Tuesday, February 11, 2014

Guyana: US Department of State Urges US Citizens NOT to Fly Caribbean Airlines on Basis of "Unconfirmed" Threat, "Fly, Caribbean is Safe"

According to CNN, the US Embassy in Georgetown is warning US citizens against flying out of the country on Caribbean Airlines flights bound for the US for the next two days, even though the US Government admits the threat data is "unconfirmed."

Interestingly, the State Department did not indicate during which times during February 10-12, 2014 the threat applied.

COMMENT: Late Sunday night (February 9), the government of Guyana announced that it had activated emergency security plans and raised the terror threat level at the country's main international airport in wake of threats to Caribbean Airlines flights.

Caribbean Airlines has added additional security measures and is cooperating with authorities, the company said in a statement Monday. It said all flights are operating as scheduled.

Unfortunately, the US Government has cried "wolf" so often in the past, since the terrorist attacks on September 11, 2001, that its credibility is suspect. 

On the basis that the "unconfirmed" threat information may very well be useless, I suggest that air passengers do one of the following in terms of  such a narrow threat window:

1. If convenient, defer departures and arrivals on Caribbean Airlines during February 10-12, 2014;

2. If NOT convenient, and on the basis that the threat information is "unconfirmed," I would suggest that air passengers fly Caribbean Airlines on the following basis:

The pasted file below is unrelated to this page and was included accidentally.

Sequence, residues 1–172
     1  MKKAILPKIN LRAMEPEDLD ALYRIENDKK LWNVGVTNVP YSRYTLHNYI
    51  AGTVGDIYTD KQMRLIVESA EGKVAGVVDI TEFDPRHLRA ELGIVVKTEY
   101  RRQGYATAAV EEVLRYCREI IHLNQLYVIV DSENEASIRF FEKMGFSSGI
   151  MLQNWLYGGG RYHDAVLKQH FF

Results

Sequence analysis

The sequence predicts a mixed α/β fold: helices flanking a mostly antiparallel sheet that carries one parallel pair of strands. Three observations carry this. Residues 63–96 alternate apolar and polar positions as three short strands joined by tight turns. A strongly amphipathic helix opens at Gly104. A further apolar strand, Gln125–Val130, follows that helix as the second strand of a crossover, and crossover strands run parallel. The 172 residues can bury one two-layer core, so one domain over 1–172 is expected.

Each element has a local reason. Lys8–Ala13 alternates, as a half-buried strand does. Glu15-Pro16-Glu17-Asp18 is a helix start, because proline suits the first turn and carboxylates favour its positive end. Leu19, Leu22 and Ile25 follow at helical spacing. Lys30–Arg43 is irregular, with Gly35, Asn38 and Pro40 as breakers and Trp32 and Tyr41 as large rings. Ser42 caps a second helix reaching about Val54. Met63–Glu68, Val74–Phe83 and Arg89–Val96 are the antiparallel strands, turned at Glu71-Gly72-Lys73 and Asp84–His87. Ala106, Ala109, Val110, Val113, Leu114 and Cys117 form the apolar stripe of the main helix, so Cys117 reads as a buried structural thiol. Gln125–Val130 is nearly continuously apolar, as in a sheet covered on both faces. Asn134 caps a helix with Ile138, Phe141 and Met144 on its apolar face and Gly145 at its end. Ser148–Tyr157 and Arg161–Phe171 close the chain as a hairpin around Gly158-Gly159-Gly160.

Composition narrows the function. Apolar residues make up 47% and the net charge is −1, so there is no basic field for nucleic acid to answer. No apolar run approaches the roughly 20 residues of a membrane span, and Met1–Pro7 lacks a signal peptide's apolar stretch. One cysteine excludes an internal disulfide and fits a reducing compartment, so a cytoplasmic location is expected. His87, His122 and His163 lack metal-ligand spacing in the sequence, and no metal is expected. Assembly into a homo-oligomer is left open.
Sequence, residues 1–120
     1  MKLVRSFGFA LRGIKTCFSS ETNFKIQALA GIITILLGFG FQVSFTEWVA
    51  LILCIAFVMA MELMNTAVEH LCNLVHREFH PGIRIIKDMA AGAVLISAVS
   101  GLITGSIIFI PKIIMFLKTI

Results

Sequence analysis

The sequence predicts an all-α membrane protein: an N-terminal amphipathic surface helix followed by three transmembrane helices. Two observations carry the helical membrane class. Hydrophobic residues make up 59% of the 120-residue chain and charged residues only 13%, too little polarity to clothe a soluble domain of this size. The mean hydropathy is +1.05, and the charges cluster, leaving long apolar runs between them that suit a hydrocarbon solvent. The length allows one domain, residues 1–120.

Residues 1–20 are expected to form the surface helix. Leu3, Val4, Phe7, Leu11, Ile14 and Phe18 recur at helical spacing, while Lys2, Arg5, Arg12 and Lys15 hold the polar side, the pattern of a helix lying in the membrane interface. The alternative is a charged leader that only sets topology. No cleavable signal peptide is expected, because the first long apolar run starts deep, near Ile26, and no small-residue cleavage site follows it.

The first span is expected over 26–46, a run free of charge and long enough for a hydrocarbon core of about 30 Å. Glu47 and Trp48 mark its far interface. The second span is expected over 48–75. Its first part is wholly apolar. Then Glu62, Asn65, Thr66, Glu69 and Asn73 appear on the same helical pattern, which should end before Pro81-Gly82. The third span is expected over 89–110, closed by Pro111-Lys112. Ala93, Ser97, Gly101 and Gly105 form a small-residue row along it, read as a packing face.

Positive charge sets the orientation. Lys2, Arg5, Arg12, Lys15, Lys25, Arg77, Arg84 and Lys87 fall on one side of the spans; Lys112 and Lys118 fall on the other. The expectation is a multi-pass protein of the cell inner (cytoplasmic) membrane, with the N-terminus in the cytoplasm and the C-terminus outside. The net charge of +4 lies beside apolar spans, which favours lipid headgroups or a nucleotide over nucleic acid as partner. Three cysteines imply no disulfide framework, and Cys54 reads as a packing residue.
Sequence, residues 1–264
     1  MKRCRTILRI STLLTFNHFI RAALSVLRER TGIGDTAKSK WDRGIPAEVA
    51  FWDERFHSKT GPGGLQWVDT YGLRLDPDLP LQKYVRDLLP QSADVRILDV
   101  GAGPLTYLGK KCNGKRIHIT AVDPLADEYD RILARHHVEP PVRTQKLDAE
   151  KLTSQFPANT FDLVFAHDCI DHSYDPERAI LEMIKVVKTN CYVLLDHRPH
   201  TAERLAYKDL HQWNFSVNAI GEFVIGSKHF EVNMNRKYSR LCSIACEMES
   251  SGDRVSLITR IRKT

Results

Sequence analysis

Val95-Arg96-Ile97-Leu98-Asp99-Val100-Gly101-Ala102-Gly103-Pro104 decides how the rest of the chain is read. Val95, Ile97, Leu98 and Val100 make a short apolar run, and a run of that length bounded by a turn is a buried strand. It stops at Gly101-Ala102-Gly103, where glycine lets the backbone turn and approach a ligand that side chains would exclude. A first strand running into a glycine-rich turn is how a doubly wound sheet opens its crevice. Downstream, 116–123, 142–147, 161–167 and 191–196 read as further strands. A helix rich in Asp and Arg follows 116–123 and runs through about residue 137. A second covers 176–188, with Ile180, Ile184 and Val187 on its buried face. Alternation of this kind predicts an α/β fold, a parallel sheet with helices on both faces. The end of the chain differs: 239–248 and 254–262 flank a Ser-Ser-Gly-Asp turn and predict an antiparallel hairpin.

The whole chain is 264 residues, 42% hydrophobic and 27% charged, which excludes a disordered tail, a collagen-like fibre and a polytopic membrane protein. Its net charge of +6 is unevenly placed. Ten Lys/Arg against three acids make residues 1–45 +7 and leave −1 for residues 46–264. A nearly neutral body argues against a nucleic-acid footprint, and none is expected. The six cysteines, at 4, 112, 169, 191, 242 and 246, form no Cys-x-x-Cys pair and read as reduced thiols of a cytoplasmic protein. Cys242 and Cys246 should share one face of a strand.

a. Caribbean Airlines is code-shared with British Airways, one of the safest airlines in the world;

b. British Airways' last crash was in 1985, 28 years ago;

c. Caribbean Airlines is a small carrier with few aircraft, thereby enabling the airline to quickly inspect all their airliners; 

d. Caribbean has one of the most prestigious and experienced pilots in the industry; and

e. Caribbean pilots would NOT fly their aircraft if they were UNSAFE.

Having spent over 30 years in the assessment of  terrorist and criminal threats, both for the US Department of State as well as countless clients, it is highly unlikely that that an "unconfirmed" threat would use a three-day window, when in fact, most terrorists would  intentionally target an airliner before or after the designated threat time-frame.

Finally, today is the second day of the three-day threat window. Thus far, no threats on Caribbean Airlines have been reported.